Retaining Knowledge - Retaining knowledge is one of the most important features of a fully working KM-tool. The benefits of retaining knowledge are obvious when for example somebody leaves the company or goes on vacation/sick leave. Also if certain key people are not present at work, their work can still be carried out by somebody else, ideally anybody who is a skilled user of the tool.

Benefits and challenges

A working KM-tool would clearly deliver some benefits as well as challenges. The table below shows some samples of these for each feature described in the last section.

KM Feature

(Knowledge action)

Relative value

Sample benefits

Sample challenges

Expressing

High

  • Forces people to think in terms of knowledge instead of data and information.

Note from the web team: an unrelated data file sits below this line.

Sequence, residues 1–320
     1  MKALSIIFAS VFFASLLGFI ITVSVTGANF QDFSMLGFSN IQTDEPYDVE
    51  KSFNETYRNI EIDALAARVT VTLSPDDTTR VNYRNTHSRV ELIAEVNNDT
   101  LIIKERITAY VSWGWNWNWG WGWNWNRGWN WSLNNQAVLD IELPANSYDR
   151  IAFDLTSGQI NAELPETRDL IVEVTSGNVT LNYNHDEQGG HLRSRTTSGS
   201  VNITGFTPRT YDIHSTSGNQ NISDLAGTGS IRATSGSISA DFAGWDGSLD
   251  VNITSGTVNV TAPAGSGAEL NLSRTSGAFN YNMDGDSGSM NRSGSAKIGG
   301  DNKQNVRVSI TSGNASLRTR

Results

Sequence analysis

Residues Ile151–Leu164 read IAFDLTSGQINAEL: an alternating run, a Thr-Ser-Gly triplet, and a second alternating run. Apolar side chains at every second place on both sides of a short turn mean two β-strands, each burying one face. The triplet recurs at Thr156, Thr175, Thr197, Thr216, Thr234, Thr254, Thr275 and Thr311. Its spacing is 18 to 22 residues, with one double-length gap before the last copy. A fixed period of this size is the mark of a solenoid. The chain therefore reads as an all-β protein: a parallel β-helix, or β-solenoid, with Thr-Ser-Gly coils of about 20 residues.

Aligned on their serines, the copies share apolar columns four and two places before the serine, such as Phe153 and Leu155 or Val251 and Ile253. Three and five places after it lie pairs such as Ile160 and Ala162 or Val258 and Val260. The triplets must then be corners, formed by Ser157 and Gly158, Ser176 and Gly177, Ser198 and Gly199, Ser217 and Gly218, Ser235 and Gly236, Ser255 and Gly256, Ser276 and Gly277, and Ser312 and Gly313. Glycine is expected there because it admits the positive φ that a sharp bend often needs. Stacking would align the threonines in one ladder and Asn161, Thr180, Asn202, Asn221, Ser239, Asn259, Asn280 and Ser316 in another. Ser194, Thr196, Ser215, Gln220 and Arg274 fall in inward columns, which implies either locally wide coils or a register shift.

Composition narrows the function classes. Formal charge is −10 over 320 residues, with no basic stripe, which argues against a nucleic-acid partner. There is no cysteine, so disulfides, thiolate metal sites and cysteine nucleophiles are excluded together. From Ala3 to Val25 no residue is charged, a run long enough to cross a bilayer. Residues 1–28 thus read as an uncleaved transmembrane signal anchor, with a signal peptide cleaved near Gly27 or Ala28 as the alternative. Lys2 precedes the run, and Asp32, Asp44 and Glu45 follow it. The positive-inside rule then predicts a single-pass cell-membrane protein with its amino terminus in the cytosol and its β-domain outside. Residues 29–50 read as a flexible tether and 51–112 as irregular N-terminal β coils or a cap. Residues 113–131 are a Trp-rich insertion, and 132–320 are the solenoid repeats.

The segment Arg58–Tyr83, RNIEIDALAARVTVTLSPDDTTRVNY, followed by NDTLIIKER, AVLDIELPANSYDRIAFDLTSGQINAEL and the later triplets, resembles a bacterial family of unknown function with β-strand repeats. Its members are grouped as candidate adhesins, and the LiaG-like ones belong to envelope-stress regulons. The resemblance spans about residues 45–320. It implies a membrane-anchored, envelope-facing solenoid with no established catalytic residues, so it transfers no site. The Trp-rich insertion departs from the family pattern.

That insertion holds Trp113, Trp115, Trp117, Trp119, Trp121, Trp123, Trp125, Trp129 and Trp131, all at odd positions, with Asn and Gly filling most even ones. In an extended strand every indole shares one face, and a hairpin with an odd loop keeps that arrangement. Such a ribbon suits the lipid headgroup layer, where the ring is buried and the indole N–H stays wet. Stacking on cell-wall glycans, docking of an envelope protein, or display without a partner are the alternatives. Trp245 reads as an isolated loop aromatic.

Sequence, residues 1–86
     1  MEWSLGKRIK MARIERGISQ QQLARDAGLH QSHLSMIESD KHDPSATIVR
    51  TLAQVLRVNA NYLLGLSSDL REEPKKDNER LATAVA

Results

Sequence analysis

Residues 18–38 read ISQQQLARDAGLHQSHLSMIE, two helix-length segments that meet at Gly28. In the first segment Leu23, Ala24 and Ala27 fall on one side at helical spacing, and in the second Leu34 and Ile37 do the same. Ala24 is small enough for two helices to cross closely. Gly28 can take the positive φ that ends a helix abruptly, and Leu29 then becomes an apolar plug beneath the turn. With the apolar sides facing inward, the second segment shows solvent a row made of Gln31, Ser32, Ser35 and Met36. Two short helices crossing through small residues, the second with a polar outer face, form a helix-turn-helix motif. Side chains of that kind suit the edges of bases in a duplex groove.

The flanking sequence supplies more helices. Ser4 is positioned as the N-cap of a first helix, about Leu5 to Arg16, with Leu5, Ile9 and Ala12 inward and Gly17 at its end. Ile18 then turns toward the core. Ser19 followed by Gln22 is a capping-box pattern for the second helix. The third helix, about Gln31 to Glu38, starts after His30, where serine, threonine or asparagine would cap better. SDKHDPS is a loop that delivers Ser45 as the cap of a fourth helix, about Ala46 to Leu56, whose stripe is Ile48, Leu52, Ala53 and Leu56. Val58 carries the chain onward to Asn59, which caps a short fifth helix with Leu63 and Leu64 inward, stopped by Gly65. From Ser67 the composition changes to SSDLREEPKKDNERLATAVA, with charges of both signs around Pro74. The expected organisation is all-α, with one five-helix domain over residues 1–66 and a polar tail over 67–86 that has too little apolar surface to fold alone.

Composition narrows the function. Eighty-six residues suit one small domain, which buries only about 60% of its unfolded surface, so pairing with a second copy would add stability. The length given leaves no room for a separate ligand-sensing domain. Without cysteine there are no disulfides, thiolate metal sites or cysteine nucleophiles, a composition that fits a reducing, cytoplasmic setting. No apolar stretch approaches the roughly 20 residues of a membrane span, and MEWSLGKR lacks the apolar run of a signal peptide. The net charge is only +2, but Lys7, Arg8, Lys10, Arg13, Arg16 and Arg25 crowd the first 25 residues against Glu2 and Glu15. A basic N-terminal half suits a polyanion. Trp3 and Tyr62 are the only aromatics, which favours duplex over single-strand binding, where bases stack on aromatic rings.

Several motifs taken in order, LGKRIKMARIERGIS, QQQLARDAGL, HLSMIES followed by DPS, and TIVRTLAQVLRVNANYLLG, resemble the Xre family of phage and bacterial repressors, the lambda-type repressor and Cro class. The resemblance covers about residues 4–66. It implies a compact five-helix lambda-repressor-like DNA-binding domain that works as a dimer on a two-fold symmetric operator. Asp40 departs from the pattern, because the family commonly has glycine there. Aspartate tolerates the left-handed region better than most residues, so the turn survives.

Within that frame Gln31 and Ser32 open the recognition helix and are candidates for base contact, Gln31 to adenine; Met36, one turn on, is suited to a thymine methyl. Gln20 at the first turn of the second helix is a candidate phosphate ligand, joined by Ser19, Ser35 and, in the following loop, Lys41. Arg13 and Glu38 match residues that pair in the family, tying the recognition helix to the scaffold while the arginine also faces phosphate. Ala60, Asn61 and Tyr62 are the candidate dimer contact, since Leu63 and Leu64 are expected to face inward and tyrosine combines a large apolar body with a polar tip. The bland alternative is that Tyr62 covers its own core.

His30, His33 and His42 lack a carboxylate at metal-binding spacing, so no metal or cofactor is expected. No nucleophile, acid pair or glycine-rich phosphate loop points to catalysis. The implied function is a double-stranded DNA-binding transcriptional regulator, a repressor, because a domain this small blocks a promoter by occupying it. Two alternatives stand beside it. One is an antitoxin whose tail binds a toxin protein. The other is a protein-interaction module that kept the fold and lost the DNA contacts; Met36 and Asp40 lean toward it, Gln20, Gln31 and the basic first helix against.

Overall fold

• Speak a common knowledge language.
  • 'Release' the hidden knowledge /secrets of specialists.
  • How to express non-explicit knowledge/experience to a computer?
  • Are people willing to?

Storing

High

  • Knowledge can be re-used.
  • Where/how to store it?

Sharing

Very high

  • Knowledge available to everybody.
  • Flexibility among work force.
  • Considerable reduction of training time and costs.
  • Who should have access?
  • Are people willing to?

Refining

High

  • Continuos quality improvement of knowledge.
  • People feel as being part of the knowledge base.
  • Different people/different experiences?

Retaining

Very high

  • Knowledge always within company (even on leave or business trip.
  • Are people willing to leave knowledge behind them?

Characteristics of an Ideal KM-tool

Before discussing the characteristics of an ideal Knowledge Management tool, let us take a look at different tools that exists today in the data, information and knowledge layer. The table below gives some examples.

Level

Example of tools

Value

Data management

Databases, graphical information systems (GISís)